Dahana; 11 Definition(s)
Dahana means something in Hinduism, Sanskrit, Buddhism, Pali, the history of ancient India, Marathi. If you want to know the exact meaning, history, etymology or English translation of this term then check out the descriptions on this page. Add your comment or reference to a book if you want to contribute to this summary article.
Purana and Itihasa (epic history)
Dahana (दहन).—One of the eleven Rudras.*
- * Matsya-purāṇa 171. 39.
Dahana (दहन) is a name mentioned in the Mahābhārata (cf. I.60.3) and represents one of the many proper names used for people and places. Note: The Mahābhārata (mentioning Dahana) is a Sanskrit epic poem consisting of 100,000 ślokas (metrical verses) and is over 2000 years old.Source: JatLand: List of Mahabharata people and places
The Purana (पुराण, purāṇas) refers to Sanskrit literature preserving ancient India’s vast cultural history, including historical legends, religious ceremonies, various arts and sciences. The eighteen mahapuranas total over 400,000 shlokas (metrical couplets) and date to at least several centuries BCE.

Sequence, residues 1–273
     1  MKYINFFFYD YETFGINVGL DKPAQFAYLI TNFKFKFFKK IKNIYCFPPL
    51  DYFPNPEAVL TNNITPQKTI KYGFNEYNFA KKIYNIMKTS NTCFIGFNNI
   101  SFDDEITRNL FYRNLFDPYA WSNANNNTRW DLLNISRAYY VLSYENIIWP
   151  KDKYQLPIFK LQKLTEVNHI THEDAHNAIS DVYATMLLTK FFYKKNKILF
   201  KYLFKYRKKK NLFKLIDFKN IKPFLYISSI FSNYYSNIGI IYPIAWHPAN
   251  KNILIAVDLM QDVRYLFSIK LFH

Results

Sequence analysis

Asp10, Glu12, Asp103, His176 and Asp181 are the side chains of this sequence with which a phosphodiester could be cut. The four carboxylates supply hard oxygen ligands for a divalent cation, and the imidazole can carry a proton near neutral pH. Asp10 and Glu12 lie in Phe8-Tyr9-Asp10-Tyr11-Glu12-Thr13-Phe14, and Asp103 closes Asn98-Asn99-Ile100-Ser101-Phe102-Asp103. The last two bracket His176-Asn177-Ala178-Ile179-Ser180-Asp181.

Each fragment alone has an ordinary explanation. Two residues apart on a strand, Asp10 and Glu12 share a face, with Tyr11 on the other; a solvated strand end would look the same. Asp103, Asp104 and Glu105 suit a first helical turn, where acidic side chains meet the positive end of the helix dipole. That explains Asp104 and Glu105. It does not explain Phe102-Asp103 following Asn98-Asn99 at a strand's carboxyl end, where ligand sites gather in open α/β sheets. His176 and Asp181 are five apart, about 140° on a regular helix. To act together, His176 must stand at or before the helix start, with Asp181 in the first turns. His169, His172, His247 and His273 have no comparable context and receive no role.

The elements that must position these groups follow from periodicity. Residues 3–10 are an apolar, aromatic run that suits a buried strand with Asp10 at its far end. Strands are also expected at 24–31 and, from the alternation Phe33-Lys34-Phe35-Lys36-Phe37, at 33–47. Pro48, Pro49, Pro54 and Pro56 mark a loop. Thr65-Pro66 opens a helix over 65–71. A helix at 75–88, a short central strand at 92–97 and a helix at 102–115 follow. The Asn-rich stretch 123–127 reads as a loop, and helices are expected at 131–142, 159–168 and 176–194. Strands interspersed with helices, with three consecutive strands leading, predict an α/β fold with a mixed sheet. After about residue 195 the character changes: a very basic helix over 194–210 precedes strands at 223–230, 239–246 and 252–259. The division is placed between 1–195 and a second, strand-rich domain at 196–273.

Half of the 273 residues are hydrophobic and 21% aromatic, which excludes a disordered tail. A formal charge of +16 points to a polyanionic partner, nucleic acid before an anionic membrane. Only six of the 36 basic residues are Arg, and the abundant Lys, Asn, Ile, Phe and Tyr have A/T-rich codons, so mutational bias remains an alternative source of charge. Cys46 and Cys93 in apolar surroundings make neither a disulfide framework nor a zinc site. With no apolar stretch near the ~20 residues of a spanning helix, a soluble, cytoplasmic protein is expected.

Shaivism (Shaiva philosophy)
Dahana (दहन, “burning”) or Dahanīya refers to one of the “seven means” (saptopāya) to be performed when a mantra does not manifest its effect, as explained in the 10th-century Kakṣapuṭatantra verse 1.89-91. The last resort is the dahanīya, which aims to burn the mantra at the stake. The practitioner encloses every akṣara of the mantra with four bījas of Agni, the god of Fire, and keeps the written mantra on his neck.
Accordingly, “if the dried [mantra] does not have an effect, one should perform the dahanīya (burning) with Agni’s bīja (i.e., raṃ). One should attach Agni’s bīja to the beginning, end, lower, and upper part of each akṣara of the mantra to make it burn. Having written the mantra with the oil of brahmavṛkṣa (Butea), one should keep it on his neck. Then, the mantra will have an effect. Thus, Śaṅkara told”.Source: Shodhganga: Mantra-sādhana: Chapter One of the Kakṣapuṭatantra